By Roger McKinney
Globe Staff Writer
NEOSHO, Mo. —
The city of Neosho and the Neosho Transportation Development District so far have spent more than a quarter-million dollars combined of taxpayer money in their legal battle with each other.
There may be more to come.
The city has spent $55,228.10, according to documents obtained through a Missouri open-records law request by the Globe.
Invoices from the St. Louis law firm Cunningham, Vogel and Rost list amounts of $32,116.47; $988.47; $9,795.27; $11,158.14; and $1,169.75. The invoices began on Aug. 31, 2012, and ended on Dec. 31. The Globe request had included any expenses through February of this year.
City officials requested a formal open-records request when they were asked about the legal fees.
The TDD, meanwhile, has spent $205,551.68 on legal fees, according to information provided by Chairman Ray Stipp. The TDD didn’t require a formal, written, open-records request.
The legal fight has caused the Missouri Department of Transportation to halt plans for nearly $7 million worth of proposed TDD projects. The costs would be shared, with the TDD paying $4.5 million financed by a half-cent sales tax within the district and MoDOT paying $2.4 million.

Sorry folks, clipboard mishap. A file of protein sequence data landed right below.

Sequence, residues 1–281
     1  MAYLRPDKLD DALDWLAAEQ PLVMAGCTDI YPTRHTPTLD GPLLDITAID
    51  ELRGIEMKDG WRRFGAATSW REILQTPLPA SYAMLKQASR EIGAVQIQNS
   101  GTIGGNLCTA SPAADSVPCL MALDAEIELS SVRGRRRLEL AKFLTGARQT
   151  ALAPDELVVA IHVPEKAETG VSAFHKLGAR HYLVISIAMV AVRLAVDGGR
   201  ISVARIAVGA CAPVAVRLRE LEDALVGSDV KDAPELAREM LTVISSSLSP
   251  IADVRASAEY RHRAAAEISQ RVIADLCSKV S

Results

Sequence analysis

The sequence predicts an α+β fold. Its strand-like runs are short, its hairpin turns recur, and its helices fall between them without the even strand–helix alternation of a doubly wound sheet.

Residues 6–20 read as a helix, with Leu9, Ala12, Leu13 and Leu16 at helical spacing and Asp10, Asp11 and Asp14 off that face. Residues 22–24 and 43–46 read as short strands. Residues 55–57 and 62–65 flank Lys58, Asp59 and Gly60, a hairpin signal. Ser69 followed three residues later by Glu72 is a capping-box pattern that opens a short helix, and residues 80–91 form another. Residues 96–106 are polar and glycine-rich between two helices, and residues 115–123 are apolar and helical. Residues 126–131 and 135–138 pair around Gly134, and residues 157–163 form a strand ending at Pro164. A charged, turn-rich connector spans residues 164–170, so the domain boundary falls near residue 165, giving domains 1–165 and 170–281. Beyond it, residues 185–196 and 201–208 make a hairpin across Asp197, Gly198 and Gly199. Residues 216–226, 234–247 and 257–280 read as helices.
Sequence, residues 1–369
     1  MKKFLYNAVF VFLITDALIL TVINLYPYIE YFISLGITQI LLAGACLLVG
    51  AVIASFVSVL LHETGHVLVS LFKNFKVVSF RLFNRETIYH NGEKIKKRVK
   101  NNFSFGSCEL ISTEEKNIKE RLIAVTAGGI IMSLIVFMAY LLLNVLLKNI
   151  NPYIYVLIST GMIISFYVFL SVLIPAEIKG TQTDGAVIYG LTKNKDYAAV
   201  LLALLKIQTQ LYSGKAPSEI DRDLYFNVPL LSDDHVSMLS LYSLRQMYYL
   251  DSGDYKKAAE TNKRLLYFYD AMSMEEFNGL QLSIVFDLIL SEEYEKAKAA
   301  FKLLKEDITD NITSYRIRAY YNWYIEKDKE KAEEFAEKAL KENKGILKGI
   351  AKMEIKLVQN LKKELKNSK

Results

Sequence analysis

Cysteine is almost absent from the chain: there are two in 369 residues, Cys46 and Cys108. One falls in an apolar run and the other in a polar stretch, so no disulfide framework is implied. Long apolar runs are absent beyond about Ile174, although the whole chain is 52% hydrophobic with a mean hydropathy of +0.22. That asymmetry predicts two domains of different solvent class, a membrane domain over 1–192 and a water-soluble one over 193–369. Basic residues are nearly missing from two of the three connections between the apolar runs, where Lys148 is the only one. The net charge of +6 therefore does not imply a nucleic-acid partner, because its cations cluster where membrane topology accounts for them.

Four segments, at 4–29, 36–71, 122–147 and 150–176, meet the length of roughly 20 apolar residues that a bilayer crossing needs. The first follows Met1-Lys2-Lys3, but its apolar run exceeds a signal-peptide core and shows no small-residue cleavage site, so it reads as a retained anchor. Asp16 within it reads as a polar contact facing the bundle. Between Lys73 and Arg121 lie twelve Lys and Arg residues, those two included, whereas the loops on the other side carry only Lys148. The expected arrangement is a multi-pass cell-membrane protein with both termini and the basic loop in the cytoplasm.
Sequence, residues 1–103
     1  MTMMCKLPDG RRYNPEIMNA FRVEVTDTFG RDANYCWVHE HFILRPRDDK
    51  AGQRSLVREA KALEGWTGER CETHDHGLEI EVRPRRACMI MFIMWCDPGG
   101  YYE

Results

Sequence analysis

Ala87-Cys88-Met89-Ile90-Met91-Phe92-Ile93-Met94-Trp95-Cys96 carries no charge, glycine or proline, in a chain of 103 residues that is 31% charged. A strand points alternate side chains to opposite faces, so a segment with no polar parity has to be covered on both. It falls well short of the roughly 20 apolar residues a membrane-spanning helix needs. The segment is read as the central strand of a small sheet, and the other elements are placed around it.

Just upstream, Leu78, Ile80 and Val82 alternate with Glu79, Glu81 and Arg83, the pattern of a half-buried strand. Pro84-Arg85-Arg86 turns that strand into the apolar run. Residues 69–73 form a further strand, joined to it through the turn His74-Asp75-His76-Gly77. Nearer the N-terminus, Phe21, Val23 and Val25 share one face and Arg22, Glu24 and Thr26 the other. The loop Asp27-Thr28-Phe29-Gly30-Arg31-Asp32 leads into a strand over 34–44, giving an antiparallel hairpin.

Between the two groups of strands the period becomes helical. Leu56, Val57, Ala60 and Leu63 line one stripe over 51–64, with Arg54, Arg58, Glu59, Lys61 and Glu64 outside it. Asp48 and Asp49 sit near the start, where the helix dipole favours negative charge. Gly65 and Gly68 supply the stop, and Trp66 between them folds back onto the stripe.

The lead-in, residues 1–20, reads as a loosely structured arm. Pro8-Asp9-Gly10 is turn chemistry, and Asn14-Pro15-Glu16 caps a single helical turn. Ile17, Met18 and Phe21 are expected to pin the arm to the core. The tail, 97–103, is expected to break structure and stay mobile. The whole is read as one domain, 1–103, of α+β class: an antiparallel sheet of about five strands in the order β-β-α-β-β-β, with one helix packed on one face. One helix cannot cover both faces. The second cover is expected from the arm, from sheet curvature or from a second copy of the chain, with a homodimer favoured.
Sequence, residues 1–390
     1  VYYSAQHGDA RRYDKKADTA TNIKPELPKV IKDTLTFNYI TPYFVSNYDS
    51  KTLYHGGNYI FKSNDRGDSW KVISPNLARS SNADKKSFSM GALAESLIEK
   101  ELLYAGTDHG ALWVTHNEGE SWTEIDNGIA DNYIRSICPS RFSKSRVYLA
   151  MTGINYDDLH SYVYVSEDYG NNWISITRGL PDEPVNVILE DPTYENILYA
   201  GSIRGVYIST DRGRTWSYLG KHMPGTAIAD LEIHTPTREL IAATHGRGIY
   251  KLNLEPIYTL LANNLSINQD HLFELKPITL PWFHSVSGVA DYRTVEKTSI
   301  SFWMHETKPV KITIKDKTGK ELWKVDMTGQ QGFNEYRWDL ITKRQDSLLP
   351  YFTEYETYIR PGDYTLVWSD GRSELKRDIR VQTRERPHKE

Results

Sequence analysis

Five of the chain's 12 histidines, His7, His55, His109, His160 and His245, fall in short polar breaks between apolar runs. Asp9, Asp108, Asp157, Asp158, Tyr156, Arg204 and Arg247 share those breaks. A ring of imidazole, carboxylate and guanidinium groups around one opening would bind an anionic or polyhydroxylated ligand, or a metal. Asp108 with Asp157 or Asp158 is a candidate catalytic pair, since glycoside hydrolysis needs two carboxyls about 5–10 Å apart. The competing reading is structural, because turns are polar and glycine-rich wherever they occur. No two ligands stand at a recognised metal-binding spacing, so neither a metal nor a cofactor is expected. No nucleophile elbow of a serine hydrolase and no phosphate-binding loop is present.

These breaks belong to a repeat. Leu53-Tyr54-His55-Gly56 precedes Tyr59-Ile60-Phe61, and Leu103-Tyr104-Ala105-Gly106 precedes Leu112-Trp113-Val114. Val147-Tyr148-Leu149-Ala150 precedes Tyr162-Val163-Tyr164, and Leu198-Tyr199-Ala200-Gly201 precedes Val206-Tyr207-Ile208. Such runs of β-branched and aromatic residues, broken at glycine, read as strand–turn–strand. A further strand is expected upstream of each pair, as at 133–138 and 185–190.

The TDD began collecting the tax in January 2012 from sales within the district, which includes the Wal-Mart Supercenter, Lowe’s and other retailers.
The proposed projects are along a retail area of U.S. Highway 60. Only a project to install a traffic signal and make other improvements at U.S. Highway 60 and Kodiak Road has begun.
The city last year in Newton County Circuit Court challenged the formation of the TDD, alleging that the district was formed under the wrong state statute and that the statute under which it was formed allows only residential owners within the TDD to be voters. The Neosho TDD, formed in 2010, is a retail area with no permanent residents.
Associate Circuit Judge Kevin Selby in November ruled against the city, saying that the city had waited too long to challenge the TDD’s formation.
The city also had contested an election in July 2012 of TDD board members, with the election decided by those who own property within the boundaries of the district. Property owners receive a vote for each acre of land within the district.
A judge in August ordered the TDD to redo that election, ruling that adequate notice for the election wasn’t provided. He also ruled that the Missouri Highways and Transportation Commission, which governs the Missouri Department of Transportation, shouldn’t have participated in the July election.
In that election, incumbent board member Jim Cummins defeated Steve Roark, who was backed by the Neosho City Council. Roark fell short by 58 votes, but city leaders took issue with the 93 votes that were cast by the state highway commission.
The TDD was ordered to hold the election again, without the highway commission’s participation this time. Roark was chosen in the second election.
Neosho Mayor Richard Davidson said that when the city’s attorneys concluded that the state law regarding the TDD contained the flaw, the city couldn’t pretend that it wasn’t there and had to take action.